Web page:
Publication Date


Document Type

Masters Thesis


School for Social Work


Human-animal relationships-Psychological aspects, Attachment behavior, Self psychology, Rural women-Psychology, Rural African Americans-Psychology, Group identity, Ethnicity, Spirituality, Human-companion animal relationship, Attachment theory, Sociocultural identity, Rural, Women, People of Color, Selfobject


In spite of burgeoning interest in the significance of human-companion animal relationships in social work and related fields, the theoretical conceptualization of these relationships in the context of mental health remains largely limited to the cross-species and cross-cultural application of Attachment Theory. Further, the literature on human-companion animal relationships through the lens of Attachment Theory reflects a narrow scope of research methodologies and demographic variables, thus leaving the unique, multiple meanings of these relationships – and their intersections with varying and marginalized sociocultural identities – largely unexplored. In order to address these gaps and expand theoretical discourse on the phenomenon, the thesis explores and analyzes human-companion animal relationships through the lenses of Attachment Theory and Self Psychology. The thesis utilizes social constructionist, feminist, and anti-racist paradigms to inform its analysis, thus focusing on the relationships and intersections between companion animals, women, and People of Color in the rural West. The thesis argues that the application and generalization of Attachment Theory across species lacks theoretical coherence and clarity regarding the particularities of human-companion animal relationships. Moreover, this paper hypothesizes that the theoretical and practical application of Self Psychology, with its emphasis on subjectivity and the role of non-human selfobjects, may add to a more holistic, nuanced, and coherent theoretical formulation of the woman-companion animal bond in contemporary rural and multicultural contexts. Finally, the thesis posits that the human-companion animal bond holds potential for improving mental health in rural women, a possibility best explored by investigation of this phenomenon beyond its existing theoretical conceptualizations.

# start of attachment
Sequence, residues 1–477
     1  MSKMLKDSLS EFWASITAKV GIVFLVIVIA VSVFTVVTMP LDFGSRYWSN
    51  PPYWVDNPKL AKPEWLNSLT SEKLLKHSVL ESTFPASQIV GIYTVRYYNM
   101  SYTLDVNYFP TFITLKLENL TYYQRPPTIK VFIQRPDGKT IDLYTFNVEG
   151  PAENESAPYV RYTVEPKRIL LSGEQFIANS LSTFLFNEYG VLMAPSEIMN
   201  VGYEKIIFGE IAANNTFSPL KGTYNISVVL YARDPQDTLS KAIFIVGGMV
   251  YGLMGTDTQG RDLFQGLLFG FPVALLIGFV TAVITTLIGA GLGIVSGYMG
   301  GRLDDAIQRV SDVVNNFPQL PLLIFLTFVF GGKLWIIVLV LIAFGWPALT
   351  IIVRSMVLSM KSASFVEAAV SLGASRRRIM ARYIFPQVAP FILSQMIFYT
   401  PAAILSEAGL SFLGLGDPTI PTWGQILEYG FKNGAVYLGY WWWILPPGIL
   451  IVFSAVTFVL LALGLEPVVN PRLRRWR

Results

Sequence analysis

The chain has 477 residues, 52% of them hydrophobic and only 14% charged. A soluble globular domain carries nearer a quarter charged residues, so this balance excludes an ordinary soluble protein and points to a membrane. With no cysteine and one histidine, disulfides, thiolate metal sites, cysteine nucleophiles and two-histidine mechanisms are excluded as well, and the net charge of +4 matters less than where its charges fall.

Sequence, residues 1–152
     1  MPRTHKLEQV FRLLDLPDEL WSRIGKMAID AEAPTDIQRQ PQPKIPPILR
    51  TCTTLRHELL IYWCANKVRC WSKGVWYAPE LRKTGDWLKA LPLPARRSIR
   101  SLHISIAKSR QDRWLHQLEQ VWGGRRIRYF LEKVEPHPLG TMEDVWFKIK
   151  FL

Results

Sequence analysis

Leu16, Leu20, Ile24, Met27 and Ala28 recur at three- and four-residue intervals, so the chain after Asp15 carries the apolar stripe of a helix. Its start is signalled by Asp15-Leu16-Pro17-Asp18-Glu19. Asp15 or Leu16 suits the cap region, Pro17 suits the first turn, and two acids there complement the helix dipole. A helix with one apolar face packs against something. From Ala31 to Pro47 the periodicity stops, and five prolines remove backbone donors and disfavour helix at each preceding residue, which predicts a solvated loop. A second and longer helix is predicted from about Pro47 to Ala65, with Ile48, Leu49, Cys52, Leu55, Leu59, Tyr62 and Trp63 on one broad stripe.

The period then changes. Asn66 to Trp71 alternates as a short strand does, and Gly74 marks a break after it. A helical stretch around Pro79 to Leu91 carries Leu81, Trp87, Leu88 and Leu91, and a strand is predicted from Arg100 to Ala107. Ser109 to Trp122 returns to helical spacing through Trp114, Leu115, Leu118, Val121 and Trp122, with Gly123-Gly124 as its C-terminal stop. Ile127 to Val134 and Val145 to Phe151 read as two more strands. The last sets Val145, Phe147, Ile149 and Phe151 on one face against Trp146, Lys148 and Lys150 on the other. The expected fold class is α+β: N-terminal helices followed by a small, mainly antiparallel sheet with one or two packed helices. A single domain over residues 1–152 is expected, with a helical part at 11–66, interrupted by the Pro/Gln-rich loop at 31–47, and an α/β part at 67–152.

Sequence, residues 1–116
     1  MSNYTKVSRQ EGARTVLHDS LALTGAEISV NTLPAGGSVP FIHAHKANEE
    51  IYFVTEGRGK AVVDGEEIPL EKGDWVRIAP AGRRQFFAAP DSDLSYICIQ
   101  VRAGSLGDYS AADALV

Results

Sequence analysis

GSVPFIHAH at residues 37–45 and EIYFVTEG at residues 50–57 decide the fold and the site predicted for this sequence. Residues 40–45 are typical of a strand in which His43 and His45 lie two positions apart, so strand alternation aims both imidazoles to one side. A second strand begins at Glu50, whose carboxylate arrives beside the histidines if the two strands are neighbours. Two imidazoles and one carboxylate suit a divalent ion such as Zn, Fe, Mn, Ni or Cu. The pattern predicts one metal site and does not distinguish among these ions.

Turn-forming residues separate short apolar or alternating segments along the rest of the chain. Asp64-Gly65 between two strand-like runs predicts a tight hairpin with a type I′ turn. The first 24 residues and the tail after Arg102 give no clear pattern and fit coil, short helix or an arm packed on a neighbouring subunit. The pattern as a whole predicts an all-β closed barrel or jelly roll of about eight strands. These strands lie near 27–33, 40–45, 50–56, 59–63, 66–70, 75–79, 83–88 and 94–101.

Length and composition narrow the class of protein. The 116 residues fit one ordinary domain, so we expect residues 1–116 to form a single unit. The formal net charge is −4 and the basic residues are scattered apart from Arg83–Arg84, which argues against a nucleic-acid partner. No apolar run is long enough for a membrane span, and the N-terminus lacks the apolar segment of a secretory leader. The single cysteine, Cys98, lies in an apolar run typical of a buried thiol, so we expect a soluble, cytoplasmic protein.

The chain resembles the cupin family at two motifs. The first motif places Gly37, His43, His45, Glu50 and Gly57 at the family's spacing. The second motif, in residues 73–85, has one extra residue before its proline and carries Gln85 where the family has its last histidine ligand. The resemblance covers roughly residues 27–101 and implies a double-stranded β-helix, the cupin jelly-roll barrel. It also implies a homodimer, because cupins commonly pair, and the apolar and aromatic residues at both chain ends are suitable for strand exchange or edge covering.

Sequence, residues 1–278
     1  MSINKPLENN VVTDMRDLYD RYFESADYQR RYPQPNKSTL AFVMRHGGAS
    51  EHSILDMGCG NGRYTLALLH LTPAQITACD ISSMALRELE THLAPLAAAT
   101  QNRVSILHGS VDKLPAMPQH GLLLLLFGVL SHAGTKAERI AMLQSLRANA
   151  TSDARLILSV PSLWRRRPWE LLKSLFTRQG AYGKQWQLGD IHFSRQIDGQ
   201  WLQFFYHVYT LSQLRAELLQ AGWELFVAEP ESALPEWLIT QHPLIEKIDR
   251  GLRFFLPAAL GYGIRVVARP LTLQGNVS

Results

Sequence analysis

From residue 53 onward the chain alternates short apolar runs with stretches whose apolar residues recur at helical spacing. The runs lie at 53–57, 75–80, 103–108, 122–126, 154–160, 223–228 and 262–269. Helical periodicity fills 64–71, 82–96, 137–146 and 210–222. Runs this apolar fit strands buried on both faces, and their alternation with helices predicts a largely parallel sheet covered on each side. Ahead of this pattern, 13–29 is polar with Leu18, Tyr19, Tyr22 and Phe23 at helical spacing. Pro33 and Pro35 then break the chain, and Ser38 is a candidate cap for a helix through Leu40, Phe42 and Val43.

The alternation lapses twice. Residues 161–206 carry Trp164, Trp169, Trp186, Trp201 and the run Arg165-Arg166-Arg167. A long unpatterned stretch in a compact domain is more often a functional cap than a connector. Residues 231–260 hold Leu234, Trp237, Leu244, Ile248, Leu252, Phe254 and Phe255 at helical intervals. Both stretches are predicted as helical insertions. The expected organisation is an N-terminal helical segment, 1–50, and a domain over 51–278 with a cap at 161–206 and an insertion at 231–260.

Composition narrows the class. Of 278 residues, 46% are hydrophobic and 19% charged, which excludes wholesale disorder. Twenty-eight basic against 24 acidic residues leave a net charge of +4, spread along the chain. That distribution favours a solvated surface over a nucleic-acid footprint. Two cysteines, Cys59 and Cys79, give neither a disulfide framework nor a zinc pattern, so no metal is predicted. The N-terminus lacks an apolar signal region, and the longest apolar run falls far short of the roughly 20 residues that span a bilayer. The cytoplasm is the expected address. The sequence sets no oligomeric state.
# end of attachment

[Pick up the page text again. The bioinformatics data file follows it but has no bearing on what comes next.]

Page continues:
iii, 180 p. Thesis (M.S.W.)--Smith College School for Social Work, 2013. Includes bibliographical references (p. 163-180)